I started researching writing: other people’s techniques, what worked for them, what didn’t. I stumbled across Christopher Vogler’s screenwriting book, “The Writer’s Journey,” which provided the equivalent of a light bulb over my head.
I revised my book and started querying agents in 2003. Lots and lots of rejection followed. I eventually found a small, independent press that was willing to publish my book, the first in a series. Hurrah! They were lovely people, just starting up their own press, and I would be their first release.
It was all smashing and wonderful…for about a year. Then, my publisher contacted me and let me know that the financials just weren’t there for them to continue in this business. I was disappointed (crushed, actually), but understood. They had been very good to me and I had no complaints about the way I’d been treated, which is not always the case in situations like these.
So, then I had to start the querying process all over again. This time, though, I had the advantage of having learned a lot from my first go-around. I’d attended the Romantic Times Booklovers convention, met agents and other authors, and best of all, my mentor and friend, Linnea Sinclair. (She deserves a blog post entirely devoted to who she is, the amazing inspiration and help she has been, and how grateful I am, but the short version is I could not have done this without her. Truly.)
Despite my experience and best efforts, I still, however, could not find representation with an agent. I eventually landed at a supportive independent press willing to take on my previously published book, its sequel, and a new mystery I’d written that I LOVED.
I’m debating with myself now, writing and erasing lines, about how to continue this post. I could finish it as simply as, “And then I started writing G&G, and the rest is history,” but that’s not quite true. If I’m being honest, I’m worried I’m going to get flak for the following paragraphs, but oh, hell, it’s my story and I think you should have the truth as I see it. 🙂
The truth is, I wanted to have an agent. I wanted to see my book on the shelves in Borders and Barnes and Noble. I wanted, more than anything, to be a full-time writer. But it is very difficult (though not impossible, as there are examples of those who have done so) to accomplish those last two goals without a larger, NY-based publisher. Larger companies have a wider reach, the means and systems in place for better distribution. And I wanted that for G&G…if it was at all possible.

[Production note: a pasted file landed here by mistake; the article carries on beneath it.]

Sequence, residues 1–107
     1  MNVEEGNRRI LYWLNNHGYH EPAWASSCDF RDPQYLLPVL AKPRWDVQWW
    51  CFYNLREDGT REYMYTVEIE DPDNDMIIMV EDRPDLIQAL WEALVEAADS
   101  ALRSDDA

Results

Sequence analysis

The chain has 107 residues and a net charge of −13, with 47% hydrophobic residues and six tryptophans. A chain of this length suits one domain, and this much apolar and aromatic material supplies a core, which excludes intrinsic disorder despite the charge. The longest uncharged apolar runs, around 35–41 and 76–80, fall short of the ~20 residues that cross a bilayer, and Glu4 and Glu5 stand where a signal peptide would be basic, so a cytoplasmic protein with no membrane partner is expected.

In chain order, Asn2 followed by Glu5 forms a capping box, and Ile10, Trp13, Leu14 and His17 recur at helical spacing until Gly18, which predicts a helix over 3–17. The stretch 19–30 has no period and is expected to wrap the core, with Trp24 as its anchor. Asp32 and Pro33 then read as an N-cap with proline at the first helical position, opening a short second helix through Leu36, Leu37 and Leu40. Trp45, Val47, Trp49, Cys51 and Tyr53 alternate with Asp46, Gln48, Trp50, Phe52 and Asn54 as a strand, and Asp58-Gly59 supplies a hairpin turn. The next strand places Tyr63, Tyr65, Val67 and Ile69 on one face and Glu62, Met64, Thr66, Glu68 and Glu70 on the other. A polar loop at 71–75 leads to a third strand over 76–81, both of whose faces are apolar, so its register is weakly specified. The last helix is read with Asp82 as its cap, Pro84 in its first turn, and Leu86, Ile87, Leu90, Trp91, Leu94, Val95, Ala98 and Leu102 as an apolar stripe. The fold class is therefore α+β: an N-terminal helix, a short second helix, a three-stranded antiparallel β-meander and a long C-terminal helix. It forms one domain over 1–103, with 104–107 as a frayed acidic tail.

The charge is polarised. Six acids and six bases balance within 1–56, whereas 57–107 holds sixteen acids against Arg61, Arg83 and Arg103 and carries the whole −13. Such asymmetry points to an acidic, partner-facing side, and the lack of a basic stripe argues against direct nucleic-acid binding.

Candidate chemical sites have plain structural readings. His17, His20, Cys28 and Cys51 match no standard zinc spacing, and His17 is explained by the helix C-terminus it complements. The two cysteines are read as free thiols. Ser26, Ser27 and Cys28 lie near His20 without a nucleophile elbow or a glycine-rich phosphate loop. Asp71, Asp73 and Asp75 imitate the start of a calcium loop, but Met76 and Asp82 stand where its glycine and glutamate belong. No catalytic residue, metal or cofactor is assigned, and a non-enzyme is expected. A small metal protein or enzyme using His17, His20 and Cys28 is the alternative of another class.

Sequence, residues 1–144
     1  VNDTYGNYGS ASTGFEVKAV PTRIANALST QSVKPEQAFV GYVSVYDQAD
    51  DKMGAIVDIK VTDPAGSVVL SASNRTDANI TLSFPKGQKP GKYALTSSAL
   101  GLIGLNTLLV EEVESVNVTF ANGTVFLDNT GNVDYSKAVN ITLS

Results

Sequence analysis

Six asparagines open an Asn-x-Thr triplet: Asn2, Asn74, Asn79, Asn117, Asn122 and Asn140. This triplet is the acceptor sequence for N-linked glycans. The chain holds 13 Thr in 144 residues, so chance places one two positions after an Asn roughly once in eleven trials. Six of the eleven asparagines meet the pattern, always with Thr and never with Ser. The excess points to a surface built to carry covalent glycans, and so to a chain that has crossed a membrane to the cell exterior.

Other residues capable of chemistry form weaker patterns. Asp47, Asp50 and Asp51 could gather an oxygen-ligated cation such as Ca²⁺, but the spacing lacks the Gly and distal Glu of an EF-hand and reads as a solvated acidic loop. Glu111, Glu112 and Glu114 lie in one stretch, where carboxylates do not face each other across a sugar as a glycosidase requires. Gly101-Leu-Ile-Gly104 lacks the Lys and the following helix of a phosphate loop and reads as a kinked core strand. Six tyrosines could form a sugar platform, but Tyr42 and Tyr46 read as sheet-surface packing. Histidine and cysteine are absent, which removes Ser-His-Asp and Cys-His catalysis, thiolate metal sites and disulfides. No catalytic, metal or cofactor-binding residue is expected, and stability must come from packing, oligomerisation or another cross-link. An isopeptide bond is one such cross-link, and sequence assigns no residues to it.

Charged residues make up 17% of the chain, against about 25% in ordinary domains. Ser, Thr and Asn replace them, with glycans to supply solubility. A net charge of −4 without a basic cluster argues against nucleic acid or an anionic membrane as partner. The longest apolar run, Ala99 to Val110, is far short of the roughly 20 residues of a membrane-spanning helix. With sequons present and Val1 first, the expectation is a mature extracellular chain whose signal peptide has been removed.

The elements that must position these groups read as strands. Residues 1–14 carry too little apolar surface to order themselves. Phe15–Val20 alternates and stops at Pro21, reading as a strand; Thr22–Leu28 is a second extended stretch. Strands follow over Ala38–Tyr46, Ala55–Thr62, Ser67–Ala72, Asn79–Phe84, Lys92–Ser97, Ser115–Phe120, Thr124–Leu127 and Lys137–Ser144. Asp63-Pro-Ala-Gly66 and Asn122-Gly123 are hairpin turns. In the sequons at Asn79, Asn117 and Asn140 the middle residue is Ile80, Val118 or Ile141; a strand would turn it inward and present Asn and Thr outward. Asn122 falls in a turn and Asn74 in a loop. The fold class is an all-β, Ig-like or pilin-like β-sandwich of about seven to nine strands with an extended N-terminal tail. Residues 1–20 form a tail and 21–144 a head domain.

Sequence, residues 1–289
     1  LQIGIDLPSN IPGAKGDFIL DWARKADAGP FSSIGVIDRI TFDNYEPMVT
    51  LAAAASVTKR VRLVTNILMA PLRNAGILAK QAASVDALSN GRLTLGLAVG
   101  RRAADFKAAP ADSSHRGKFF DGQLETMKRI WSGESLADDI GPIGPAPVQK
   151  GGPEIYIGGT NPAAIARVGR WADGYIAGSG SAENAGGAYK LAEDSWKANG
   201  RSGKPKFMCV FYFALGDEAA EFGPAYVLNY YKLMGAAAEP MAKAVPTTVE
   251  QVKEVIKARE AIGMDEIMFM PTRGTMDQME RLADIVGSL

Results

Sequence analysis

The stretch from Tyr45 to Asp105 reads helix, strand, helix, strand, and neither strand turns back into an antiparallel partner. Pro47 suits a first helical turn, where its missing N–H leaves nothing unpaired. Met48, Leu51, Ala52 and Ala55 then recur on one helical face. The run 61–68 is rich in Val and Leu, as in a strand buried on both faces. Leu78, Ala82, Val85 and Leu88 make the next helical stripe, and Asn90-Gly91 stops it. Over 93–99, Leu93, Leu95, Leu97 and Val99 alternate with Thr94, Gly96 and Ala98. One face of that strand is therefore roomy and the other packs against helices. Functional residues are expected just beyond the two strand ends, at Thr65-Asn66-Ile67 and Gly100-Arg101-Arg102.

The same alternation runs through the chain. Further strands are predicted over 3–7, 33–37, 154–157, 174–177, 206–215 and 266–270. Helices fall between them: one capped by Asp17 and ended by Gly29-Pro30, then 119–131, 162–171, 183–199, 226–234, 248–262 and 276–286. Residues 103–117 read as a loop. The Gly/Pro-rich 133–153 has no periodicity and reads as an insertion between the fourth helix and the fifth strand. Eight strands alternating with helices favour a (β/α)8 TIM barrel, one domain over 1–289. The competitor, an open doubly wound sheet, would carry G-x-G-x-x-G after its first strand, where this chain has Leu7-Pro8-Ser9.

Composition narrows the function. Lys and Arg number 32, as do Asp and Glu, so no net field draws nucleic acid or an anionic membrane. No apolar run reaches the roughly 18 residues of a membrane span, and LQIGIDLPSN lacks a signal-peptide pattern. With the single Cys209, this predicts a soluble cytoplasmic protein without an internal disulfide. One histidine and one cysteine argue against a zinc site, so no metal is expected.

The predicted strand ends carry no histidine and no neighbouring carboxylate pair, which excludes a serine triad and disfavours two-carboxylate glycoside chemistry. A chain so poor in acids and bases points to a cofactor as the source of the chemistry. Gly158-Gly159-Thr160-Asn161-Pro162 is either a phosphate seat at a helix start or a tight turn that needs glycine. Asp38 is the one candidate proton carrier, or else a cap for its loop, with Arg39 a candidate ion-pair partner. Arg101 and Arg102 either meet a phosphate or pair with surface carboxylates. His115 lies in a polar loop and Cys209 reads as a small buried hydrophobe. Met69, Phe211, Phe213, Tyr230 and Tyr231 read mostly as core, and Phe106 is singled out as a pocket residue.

When I finished G&G, I could have stayed within the small press/independent publishing realm. I had the contacts, the comfort level and the confidence to do so. But I had to choose between the safety of what I knew and the risk of going after what I really wanted. There was absolutely nothing wrong with staying put, except that it wasn’t what I really wanted.
So, I took a chance. I started querying again, getting rejected AGAIN…and what do you know? This time, it worked. I found an agent who loved the book I’d written, and my book found a home with the amazing people at Hyperion.
And all of this happened approximately TEN YEARS after I’d started writing with the intent to be published. (Note: Remember what I said. This is just how it worked for me. Nothing says it will take anyone else this long!)
I guess the point I’m trying to make is that writing, like many, many other things, is often more about persistence than anything else. There are always going to be ups and downs, highs and lows, amazing accomplishments and obstacles that you think you’re never going to get past. But refusing to give up, pushing yourself to keep going and keep learning, and holding tight to your dream–that’s the really important stuff.
So, that’s my publishing story. 🙂 I know I’m throwing around lots of terms (literary agents, querying, etc.) Let me know if you have questions.